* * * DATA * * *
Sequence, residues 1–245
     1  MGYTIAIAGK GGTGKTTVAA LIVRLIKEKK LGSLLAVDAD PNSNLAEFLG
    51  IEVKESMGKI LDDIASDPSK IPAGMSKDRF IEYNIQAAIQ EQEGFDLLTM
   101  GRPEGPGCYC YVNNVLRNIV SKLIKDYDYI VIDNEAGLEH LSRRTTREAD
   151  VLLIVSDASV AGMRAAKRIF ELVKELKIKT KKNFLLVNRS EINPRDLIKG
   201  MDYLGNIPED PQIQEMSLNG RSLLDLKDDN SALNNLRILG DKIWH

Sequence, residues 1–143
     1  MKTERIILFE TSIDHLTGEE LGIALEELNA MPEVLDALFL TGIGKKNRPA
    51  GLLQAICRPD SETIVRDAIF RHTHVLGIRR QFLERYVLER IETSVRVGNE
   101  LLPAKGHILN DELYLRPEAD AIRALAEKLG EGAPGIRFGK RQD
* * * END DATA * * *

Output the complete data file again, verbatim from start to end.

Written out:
Sequence, residues 1–245
     1  MGYTIAIAGK GGTGKTTVAA LIVRLIKEKK LGSLLAVDAD PNSNLAEFLG
    51  IEVKESMGKI LDDIASDPSK IPAGMSKDRF IEYNIQAAIQ EQEGFDLLTM
   101  GRPEGPGCYC YVNNVLRNIV SKLIKDYDYI VIDNEAGLEH LSRRTTREAD
   151  VLLIVSDASV AGMRAAKRIF ELVKELKIKT KKNFLLVNRS EINPRDLIKG
   201  MDYLGNIPED PQIQEMSLNG RSLLDLKDDN SALNNLRILG DKIWH

Sequence, residues 1–143
     1  MKTERIILFE TSIDHLTGEE LGIALEELNA MPEVLDALFL TGIGKKNRPA
    51  GLLQAICRPD SETIVRDAIF RHTHVLGIRR QFLERYVLER IETSVRVGNE
   101  LLPAKGHILN DELYLRPEAD AIRALAEKLG EGAPGIRFGK RQD